LYNNWOOD — This is bowling to attract the hipster crowd.
Prince turned up loud, 100-inch video screens at every lane with movies such as “Ferris Bueller’s Day Off” and lots and lots of black lights.
The former Brunswick Majestic Lanes underwent a $2.4 million renovation to give it a boost and new energy to go along with a new name — Bowlero Lynnwood.
“Bowlero bowling is a shot of adrenaline in a Novocaine world, I always say,” said Kevin O’Connell, the district manager for Bowlero, which owns 300 bowling alleys in the U.S., Canada and Mexico.
The company has been transforming its bowling alleys including the one in Lynnwood, which it bought in 2014, making them more modern, adding better bars and giving them new vibes.
The goal: Keep the traditional bowler while attracting millennials. Bowlero celebrated the renovation at the bowling alley at 1222 164th St. SW over the weekend.
“This isn’t your mom-and-pop bowling alley anymore,” O’Connell said.
Everything about Bowlero Lynnwood is energy and creativity. The doors at the entrance are adorned with stick figures bowling and wearing crowns. A star-burst chandelier greets people walking into the lobby. Soft couches offer bowlers places to rest between frames.
Even the shoes are brand new.
“The kids love it, I like it,” said Ron Garner, Bowlero Lynnwood’s general manager, who has worked at the place since it opened in 1990. “I’ve watched this place change three times since it opened and this is the coolest.”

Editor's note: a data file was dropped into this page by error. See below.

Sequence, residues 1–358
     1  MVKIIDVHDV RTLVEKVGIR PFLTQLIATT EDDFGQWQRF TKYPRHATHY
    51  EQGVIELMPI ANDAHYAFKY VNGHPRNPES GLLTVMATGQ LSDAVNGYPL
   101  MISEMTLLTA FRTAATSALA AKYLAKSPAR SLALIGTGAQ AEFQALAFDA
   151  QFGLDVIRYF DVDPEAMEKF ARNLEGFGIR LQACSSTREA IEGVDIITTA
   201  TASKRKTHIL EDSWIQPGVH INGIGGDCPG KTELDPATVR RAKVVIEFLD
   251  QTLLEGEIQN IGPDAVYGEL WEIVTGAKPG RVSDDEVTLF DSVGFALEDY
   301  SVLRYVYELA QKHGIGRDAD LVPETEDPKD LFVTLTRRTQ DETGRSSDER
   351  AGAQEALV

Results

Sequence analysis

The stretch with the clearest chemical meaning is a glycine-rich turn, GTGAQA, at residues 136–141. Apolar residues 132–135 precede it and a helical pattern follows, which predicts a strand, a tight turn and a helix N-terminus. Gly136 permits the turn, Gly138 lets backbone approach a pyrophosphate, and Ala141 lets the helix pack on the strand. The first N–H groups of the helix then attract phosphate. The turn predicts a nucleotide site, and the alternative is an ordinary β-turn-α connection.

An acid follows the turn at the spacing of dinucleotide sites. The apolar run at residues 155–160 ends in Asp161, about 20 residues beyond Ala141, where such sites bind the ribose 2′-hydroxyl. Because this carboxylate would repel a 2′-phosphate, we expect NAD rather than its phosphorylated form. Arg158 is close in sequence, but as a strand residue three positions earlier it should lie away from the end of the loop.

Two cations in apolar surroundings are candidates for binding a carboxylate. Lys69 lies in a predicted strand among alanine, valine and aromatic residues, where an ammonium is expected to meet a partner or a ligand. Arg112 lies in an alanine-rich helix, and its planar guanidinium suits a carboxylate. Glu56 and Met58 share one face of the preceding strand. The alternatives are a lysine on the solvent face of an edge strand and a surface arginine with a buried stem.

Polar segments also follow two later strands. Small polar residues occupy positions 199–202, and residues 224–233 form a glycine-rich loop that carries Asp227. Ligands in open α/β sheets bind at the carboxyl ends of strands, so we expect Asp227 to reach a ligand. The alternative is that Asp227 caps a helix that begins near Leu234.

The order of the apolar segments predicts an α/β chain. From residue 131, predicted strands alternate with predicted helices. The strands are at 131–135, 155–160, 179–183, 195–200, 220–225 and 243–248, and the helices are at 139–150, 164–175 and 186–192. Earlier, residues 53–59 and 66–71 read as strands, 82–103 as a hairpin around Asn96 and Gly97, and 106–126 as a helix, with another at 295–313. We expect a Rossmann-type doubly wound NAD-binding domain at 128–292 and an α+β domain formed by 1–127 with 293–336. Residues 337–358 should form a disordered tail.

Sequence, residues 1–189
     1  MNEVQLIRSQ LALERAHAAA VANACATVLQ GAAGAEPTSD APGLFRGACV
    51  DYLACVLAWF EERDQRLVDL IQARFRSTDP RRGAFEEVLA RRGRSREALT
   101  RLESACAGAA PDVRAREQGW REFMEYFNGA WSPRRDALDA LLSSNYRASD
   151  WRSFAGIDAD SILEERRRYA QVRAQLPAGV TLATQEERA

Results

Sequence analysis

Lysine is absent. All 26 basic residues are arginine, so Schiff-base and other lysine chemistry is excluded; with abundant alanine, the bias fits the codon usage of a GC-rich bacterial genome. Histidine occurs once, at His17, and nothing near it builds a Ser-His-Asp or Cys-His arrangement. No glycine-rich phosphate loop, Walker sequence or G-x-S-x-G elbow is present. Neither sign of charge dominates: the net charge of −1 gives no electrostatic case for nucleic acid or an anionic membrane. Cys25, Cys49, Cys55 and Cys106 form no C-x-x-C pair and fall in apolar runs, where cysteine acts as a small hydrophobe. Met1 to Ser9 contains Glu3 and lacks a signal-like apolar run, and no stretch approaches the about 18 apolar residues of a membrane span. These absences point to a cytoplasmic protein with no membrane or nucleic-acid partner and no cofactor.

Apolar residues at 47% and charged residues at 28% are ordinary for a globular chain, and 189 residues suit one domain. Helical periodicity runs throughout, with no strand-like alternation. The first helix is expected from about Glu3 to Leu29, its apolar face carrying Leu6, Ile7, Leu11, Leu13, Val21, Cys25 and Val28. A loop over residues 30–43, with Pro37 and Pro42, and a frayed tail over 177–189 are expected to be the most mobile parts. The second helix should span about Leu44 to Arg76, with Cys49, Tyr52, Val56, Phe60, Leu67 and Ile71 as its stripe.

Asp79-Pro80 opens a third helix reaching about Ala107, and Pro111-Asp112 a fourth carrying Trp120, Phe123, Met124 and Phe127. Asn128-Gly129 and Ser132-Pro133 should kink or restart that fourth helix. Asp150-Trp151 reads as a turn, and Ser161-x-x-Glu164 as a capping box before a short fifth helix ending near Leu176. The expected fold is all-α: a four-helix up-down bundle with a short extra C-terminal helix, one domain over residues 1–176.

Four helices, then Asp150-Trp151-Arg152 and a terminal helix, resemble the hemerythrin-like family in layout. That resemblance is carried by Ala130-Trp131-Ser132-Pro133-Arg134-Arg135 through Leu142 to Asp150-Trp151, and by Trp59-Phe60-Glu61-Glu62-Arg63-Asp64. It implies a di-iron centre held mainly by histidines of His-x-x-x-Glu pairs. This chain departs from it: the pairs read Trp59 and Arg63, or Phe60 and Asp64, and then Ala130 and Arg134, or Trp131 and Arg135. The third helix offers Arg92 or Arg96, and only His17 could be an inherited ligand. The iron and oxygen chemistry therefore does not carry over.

On one end of the 42-lane bowling alley, the word “Love” is written in giant letters on the wall. On the other end, the word “Luck” is written.
Bowlero’s logo — a bowling ball with antlers coming out — is everywhere.
The arcade has been expanded from 10 games to about 40, including a massive sit-down version of the arcade classic Space Invaders. The menu has been expanded to include such things as giant Bavarian Pretzels, Mega Hotdogs and Nine Napkin Nachos.
“Brunswick Lanes that used to be here was doing really well,” O’Connell said. “It was one of our top-earning bowling alleys in the country. We just saw a ton of potential here.”
Bowlero started construction on the project in October.
“During this transition time, we had a lot of very patient league bowlers,” O’Connell said. “We had tarps up, there was dust flying around. We cordoned everything off. We did everything in sections.”
Not everybody is a fan.
Take Alex Pettersen, of Lynnwood, who has been coming to the bowling alley since it first opened. He doesn’t like the changes at all.
“I’m sorry to say it, but I’m going to tell it like it is,” Pettersen said.
And what about attracting a younger bowler?
“I don’t care about the younger crowd,” Pettersen said. “I’m 80 years old.”
Another bowler likes the new look.
Saldie Delossantos was on a lane by himself Friday, practicing for league play later that night.
“The set up is nice,” Delossantos said. “It’s really modern compared to what it was like before.”
How about the new menu?
“The food? It’s good, it’s good, but I normally just order beer,” he said.
O’Connell, the district manager whose area covers from Washington to Arizona, said up to 30 percent of Bowlero’s bowling alleys have undergone renovations. He said the company does a lot of analysis of demographics before making the investment.
“Snohomish County is growing tremendously,” O’Connell said. “That’s one of our big reasons to renovate. We saw the influx of housing, apartments and businesses.”
He said bowling also is gaining in popularity with millennials.
“Bowling is back. What is old is new again,” he said. “Bowling is the new hip, cool thing to do. It’s cool to ask your wife, your date or partner, ‘Hey, let’s go to Bowlero Bowling in Lynnwood and do some bowling.’”